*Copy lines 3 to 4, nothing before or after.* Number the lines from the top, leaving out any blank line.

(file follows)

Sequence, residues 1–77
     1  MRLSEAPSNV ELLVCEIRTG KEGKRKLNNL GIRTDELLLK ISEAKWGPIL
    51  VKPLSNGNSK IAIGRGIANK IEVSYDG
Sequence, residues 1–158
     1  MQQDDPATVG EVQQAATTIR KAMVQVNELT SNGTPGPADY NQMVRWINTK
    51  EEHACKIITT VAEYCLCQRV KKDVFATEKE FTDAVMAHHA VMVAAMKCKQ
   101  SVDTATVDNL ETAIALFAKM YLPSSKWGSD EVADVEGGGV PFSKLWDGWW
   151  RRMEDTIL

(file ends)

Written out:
    51  VKPLSNGNSK IAIGRGIANK IEVSYDG
Sequence, residues 1–158